The ANC says it knows nothing about a group of ANC aligned businesspeople and loyalists who have allegedly approached Ezulweni Investments in a bid to settle the R102 million debt owed by the ruling party.
The owner of Ezulweni, Renash Ramdas and his lawyer, Sharfique Sarlie revealed that they were approached by a group of businesspeople aligned to the ANC who are prepared to buy the R102 million debt owed by the party.
In a statement, the company indicated that since the failed attempt to attach assets belonging to the ruling party, the ANC had not reached out to it on a way to finding an amicable resolution of the matter.
The party launched an application to the Constitutional Court to avoid the potential liquidation and seizure of its assets.
However, according to the printing company, on Wednesday, a group of ANC aligned business people came forward with a view to resolve the the stalemate.
The company claims in a statement that it had been requested by this group of ANC loyalists and business people not to proceed with the liquidation of the ruling party and the attachment of its assets which almost became a reality on Monday.
“They (ANC loyalists) have requested and beseeched Ezulweni not to commence liquidation proceedings against the ANC, fearing the further reputational damage will do to the ANC and the dire implications such proceedings will have for the ruling party, seeking a few more days to enable them to to engage within the present leadership of the ANC, with a view to resolving the matter rationally and in the best interests of the ruling party, and if such engagement and intervention failed, to take cessation of the claim and debt owed to Ezulweni,” the company said.
On Wednesday, ANC secretary general Fikile Mbalula accused Ezulweni of fraud saying the company colluded with two junior ANC officials to score a dubious and irregular contract that he and then ANC treasure, Paul Mashatile never signed off.
Mbalula said they were shocked to learn of Ezulweni’s legal action to claw back R102 million owed to it for services rendered to the party in 2019.
Mbalula, who was head of the ANC’s election campaign at the time of this contract said an internal forensic report previously dismissed by both the High Court and Supreme Court of Appeal proves collusion.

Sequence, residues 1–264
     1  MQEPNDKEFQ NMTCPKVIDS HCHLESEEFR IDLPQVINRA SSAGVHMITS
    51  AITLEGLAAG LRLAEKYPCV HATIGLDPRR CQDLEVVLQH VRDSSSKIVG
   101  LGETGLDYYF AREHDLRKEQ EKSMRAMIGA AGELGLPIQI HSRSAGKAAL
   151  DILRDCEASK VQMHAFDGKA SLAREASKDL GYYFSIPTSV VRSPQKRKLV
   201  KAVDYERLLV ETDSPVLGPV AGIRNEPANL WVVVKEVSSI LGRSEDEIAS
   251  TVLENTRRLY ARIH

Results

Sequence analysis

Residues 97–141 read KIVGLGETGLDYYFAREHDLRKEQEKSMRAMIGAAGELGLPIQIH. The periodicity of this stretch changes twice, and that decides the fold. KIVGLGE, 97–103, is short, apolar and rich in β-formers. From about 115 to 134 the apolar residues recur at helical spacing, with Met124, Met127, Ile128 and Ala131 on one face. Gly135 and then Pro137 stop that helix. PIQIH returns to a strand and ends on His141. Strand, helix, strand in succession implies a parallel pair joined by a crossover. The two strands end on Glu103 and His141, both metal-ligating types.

“The report provides incontrovertible evidence of Ezulweni offering substantial bribes. These individuals in turn forged documents presented to Ezulweni, falsely indicating that the ANC had engaged in their services,” he said.
In what could be described as a back and forth and tit-for-tat week between the two parties, Ezulweni claimed that the ANC had not communicated any way forward until they were approached by this group of loyalists on Wednesday.
“Astonishingly, and quite bizarrely, by close of business on Wednesday, the 6th of December, 2023, no reply whatsoever had been received from the ANC’s attorneys...Significantly, Ezulweni must also disclose that a group of persons, who at this stage, will remain nameless, but who are concerned stalwarts and loyalists of the ANC, have reached out to Ezulweni and have expressed an urgent desire and intention to intervene, commenting that the manner in which the ANC SG, who has been delegated the task of dealing with this matter, is, as they have described, insane and irrational,” Sarlie said in a prepared statement.
“No, we know nothing about these ANC business people who have reached out to Ezulweni,” ANC spokesperson, Mahlengi Bhengu-Motsiri said this week.